Not only does the hybrid method of teaching slightly hinder the flow of general classroom function, but hands-on electives must also make changes due to a continued inability to handle their tools and materials to complete projects safely. 

“No students near my desk, air purifier strategically placed, and lab stations vacant and unused.  Equipment cannot be cleaned in a timely fashion, so new virtual forms of labs must be established… There are no demos, which I love to perform and discuss.  The teacher student conversations are gone.  And the ability to inflect humor into the classroom is minimal.  I have become way more patient with student questions and my technological patience has improved,” said Stair.

Aside from classroom procedures, awkward discomfort persists during lunch time. Students file into the cafeteria to seat themselves once more at lone, distanced desks, a social scene that differs greatly from the bustling tables that once filled the room. 

“Lunch is pretty quiet now but it is still good to have a break in the middle of the day. Not sitting together at tables feels weird though because it doesn’t feel like lunch, just like being in a classroom with a bunch more people,” said Golemboski. 

After completion of their school day, students are dismissed in staggered groups for reduction of hallway congestion, to obtain their free bagged supper (one of three no-cost meals offered during the school day) and exit the building. They then return home to work independently for the remainder of the afternoon, a schedule devised to accommodate all types of hybrid learners. 

“It’s harder to teach in my natural style.  The classes are shorter, it’s harder to do things, everything is different.  Letters that I receive from graduates invariably thank me for the life lessons that they’ve learned from me, in addition to the Biology; I don’t feel that I am able to convey the life lessons along with the Biology that I normally teach with the shortened time and being virtual.  This saddens me and I miss the greater sharing that was possible in the before times,” said Ericsson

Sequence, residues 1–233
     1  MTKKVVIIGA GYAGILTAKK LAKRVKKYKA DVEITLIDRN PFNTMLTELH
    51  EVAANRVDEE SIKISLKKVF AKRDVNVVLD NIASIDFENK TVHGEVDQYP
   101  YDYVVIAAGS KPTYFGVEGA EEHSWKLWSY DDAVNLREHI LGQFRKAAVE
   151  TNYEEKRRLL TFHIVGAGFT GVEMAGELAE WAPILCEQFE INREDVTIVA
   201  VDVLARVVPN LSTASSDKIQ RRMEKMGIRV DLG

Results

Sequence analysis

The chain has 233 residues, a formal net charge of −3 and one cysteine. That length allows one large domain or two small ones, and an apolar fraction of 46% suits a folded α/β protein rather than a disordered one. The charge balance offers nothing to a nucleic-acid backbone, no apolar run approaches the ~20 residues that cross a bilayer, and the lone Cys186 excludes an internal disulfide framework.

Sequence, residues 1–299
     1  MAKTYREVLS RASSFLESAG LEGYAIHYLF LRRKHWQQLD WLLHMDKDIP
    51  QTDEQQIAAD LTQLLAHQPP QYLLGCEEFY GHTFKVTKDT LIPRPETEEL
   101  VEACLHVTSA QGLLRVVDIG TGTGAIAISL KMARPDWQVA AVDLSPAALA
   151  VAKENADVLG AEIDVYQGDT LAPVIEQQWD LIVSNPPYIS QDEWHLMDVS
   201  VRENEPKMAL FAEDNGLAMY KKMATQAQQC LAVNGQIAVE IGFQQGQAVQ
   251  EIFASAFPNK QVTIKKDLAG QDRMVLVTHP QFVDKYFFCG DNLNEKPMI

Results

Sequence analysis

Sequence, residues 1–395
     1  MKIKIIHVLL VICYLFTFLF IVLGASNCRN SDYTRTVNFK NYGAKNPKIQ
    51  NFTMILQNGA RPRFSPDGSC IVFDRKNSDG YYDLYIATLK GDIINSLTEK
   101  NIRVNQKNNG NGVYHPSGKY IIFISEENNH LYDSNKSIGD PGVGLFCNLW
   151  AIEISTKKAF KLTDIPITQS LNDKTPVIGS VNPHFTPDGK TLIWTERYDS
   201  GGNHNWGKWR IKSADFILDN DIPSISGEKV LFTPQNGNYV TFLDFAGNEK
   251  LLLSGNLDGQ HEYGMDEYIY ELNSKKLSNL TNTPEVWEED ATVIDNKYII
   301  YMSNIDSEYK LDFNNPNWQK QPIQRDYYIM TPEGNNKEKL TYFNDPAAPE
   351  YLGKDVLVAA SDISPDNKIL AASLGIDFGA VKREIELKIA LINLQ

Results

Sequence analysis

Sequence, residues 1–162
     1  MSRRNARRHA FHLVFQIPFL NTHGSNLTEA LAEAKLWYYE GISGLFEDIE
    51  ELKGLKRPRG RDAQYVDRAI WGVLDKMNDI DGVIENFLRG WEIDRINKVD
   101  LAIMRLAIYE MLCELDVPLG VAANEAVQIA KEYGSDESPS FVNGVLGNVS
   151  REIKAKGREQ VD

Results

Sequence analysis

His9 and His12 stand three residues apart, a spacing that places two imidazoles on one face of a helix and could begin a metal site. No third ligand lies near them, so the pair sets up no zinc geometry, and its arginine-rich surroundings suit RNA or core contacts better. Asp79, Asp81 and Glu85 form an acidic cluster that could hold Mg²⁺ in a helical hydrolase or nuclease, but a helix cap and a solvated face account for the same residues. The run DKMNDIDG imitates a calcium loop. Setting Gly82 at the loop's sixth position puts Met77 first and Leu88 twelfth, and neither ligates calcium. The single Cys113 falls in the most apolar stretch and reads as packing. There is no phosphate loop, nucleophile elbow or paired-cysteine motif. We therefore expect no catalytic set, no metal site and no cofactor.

The Cohort A students then repeat this process once more, before remaining virtual for the rest of the week as the building is sanitized fully on Wednesdays in preparation for the arrival of Cohort B students on Thursdays and Fridays. 

“The custodians do a phenomenal job with daily disinfecting of the classrooms.  That part is huge,” said Stair. 

Much remains to be determined in terms of the effectiveness of these procedures, the progression of hybrid learning, and the future of FCPS education. Regardless, it is clear that leaning in to the uncomfortable abnormalities now is the first step towards true normalcy later. 

“All of the COVID procedures, masking, distancing, and hand-hygiene, are extremely important for keeping everyone safe.  The procedures could be a matter of life and death for not only students and staff but our families as well.  It is vitally important that we all follow COVID procedures.  Even though the metrics are currently greatly approved from the peak, it is not time to relax from following COVID procedures; they are what will continue to keep us safe, especially in light of the COVID variants,”  said Ericsson.